Transforming Finance Into a Strategic Function

There has never been an interesting time to be in finance than now. The role of finance has significantly transformed over the past years from being a back office function responsible for reporting past performance to more of a front office strategic role responsible for delivering strategic insights that enable effective decision making.

Although some high performing organizations have managed to transform their finance teams into value-adding strategic partners, the story is different in many organizations. In these entities,  finance is still regarded a back office function responsible only for preparing reports and reporting on past performance. In order to successfully transform their finance teams into strategic business partners; finance needs to build new capabilities,  get involved in the operational side of the business and take the lead in corporate strategy and business stewardship.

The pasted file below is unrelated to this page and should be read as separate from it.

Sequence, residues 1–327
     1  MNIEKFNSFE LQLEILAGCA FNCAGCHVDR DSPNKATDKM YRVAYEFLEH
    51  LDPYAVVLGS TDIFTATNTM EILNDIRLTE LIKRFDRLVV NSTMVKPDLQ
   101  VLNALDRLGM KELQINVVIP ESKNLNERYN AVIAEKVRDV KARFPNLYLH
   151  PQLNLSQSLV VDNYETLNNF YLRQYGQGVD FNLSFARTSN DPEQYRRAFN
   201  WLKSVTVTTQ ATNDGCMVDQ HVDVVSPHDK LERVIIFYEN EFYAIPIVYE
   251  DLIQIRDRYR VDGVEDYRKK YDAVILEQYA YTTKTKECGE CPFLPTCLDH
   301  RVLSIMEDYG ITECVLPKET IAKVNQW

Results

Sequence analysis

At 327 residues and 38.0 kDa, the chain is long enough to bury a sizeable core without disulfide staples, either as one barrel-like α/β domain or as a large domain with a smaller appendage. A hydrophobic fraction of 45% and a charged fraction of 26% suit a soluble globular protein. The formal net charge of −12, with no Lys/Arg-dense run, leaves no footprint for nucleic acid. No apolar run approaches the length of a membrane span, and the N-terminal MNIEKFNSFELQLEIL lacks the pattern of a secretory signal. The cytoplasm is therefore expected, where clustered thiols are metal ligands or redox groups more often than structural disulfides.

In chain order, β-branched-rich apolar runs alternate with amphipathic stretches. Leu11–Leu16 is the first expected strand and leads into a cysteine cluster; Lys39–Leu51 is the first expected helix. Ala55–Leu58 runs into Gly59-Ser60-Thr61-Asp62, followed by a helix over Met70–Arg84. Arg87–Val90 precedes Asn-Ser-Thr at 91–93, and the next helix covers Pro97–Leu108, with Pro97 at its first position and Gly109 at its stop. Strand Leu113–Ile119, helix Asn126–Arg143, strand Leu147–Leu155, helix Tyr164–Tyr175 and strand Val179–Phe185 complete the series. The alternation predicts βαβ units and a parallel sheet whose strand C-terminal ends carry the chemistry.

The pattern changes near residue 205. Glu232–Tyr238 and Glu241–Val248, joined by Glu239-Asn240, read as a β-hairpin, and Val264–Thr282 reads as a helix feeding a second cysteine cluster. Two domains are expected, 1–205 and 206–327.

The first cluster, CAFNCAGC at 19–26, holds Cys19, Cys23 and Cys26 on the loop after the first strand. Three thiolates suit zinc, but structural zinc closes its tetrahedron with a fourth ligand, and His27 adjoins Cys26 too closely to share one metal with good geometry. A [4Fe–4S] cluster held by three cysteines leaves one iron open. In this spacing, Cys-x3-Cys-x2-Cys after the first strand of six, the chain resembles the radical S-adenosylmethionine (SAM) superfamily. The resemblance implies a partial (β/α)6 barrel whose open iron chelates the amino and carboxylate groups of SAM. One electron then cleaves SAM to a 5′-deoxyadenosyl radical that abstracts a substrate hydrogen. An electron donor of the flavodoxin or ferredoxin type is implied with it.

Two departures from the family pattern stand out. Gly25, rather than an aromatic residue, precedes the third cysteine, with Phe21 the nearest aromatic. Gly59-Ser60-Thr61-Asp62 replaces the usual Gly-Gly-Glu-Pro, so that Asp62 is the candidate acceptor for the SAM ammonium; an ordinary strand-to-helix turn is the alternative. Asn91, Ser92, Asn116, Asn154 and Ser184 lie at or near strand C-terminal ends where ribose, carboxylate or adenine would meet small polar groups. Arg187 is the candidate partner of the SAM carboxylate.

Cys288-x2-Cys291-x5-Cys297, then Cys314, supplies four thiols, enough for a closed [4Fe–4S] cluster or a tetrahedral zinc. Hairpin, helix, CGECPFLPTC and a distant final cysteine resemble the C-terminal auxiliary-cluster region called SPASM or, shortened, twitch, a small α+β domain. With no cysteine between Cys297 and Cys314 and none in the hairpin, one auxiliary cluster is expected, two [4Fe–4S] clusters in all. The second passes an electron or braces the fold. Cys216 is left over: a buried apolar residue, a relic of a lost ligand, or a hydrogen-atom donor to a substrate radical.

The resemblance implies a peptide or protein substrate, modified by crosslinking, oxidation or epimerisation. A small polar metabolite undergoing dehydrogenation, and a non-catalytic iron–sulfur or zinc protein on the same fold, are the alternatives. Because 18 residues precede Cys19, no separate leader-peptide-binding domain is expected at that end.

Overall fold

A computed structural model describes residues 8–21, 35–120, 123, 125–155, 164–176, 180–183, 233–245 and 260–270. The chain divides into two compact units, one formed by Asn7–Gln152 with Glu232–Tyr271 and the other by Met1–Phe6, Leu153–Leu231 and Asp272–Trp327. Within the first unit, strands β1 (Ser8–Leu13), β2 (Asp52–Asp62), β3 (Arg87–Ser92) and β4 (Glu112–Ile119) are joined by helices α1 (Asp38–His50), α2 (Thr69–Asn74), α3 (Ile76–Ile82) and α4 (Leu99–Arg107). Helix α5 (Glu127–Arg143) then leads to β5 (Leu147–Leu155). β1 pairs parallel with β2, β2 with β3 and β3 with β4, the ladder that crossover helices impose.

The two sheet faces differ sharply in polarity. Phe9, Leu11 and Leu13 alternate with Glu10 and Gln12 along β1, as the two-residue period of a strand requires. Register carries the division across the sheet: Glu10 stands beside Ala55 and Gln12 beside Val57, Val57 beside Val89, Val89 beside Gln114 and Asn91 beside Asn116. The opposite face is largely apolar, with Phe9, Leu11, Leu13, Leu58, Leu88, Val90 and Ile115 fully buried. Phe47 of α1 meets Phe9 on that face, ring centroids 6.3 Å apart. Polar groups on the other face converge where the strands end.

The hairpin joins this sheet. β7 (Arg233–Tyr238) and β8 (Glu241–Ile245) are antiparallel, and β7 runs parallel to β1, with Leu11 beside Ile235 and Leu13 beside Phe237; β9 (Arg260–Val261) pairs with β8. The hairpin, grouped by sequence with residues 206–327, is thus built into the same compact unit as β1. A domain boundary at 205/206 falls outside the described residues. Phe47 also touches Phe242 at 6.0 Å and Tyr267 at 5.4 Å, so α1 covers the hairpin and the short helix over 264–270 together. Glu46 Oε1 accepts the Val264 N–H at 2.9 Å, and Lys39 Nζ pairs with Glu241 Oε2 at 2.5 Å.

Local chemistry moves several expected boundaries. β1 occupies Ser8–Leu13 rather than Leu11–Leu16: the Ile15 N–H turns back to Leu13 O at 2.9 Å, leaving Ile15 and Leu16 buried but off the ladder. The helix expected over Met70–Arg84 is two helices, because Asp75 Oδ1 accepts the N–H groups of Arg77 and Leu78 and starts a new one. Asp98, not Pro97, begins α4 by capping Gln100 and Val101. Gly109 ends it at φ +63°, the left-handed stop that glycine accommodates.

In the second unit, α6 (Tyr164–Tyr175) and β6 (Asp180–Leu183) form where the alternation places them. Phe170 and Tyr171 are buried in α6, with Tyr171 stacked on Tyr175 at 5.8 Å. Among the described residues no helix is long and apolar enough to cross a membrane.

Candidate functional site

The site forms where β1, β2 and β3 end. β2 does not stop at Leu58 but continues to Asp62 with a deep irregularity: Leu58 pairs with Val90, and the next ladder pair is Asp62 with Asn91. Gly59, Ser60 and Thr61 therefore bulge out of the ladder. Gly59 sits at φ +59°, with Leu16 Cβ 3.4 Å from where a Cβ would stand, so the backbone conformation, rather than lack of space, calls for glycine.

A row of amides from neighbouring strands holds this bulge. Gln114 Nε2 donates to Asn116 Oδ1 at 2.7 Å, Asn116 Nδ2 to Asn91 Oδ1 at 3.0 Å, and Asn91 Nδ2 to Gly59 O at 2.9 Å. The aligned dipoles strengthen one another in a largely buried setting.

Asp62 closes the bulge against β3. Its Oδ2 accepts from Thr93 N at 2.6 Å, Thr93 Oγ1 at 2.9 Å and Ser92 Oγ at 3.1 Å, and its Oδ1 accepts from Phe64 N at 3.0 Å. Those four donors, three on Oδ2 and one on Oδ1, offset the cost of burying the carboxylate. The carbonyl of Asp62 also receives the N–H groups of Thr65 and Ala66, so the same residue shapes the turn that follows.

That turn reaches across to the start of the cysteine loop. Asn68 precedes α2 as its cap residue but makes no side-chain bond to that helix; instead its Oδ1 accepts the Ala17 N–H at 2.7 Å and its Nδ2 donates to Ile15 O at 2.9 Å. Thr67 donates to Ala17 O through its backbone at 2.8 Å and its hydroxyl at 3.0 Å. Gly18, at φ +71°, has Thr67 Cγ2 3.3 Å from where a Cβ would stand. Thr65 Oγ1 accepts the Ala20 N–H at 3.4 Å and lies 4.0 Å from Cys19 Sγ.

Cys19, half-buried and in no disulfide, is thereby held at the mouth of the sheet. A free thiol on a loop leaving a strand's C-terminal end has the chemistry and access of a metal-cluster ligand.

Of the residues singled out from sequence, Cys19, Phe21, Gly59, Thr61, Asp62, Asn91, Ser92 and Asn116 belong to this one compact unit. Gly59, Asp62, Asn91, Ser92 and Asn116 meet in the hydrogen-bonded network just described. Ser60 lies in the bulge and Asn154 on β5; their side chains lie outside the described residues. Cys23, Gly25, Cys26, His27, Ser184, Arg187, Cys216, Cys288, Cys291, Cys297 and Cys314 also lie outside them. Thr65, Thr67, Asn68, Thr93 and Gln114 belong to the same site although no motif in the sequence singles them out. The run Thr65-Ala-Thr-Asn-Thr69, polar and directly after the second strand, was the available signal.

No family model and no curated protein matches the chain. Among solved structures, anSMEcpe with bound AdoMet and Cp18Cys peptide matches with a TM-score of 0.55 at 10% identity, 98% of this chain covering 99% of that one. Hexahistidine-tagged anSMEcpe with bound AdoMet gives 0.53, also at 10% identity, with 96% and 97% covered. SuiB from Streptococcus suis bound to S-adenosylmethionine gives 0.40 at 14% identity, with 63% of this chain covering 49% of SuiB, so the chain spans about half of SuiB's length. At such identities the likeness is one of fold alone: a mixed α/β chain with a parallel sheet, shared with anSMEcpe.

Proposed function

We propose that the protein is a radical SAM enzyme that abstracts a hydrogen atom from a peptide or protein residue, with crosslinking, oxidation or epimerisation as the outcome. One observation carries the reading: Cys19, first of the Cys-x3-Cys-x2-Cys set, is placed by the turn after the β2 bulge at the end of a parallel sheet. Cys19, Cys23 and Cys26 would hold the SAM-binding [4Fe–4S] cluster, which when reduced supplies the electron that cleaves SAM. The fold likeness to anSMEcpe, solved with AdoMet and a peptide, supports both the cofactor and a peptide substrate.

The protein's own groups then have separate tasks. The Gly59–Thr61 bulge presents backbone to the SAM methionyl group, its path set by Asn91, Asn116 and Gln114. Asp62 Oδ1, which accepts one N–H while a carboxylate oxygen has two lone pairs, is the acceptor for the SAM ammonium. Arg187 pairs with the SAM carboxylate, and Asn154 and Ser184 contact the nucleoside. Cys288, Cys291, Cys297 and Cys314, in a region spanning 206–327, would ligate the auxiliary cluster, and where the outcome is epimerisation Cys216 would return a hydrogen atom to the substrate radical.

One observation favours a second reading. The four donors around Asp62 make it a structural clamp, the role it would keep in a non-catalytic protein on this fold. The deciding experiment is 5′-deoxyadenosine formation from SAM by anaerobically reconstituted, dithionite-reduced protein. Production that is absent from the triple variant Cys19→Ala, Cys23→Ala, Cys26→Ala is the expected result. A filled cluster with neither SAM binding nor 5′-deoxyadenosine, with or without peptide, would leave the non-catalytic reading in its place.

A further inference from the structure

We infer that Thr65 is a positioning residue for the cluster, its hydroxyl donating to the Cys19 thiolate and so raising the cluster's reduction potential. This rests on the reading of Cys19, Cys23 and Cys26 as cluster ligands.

Although cost management and financial performance still remain crucial , in today’s increasingly uncertain and competitive business environment, the finance organization is required to take a more strategic role, provide solutions to the numerous challenges facing the business, manage risks effectively and efficiently, create sustainable value and steer the business in the right direction.

In his book Good to Great, Jim Collins talks about first getting the right people on the bus and the wrong people off the bus. Great vision without great people is irrelevant. It is therefore critical for CFOs to attract, retain and develop talent capable of building an effectively and efficiently well run and valued finance function. It is all about having a balanced skill set within the finance function. For example, some people are good at cost control while others are good at treasury management, management reporting and analytics, strategic planning and forecasting, performance measurement and management etc. The CFO ought to have the ability to match the right individual with the right job and resources.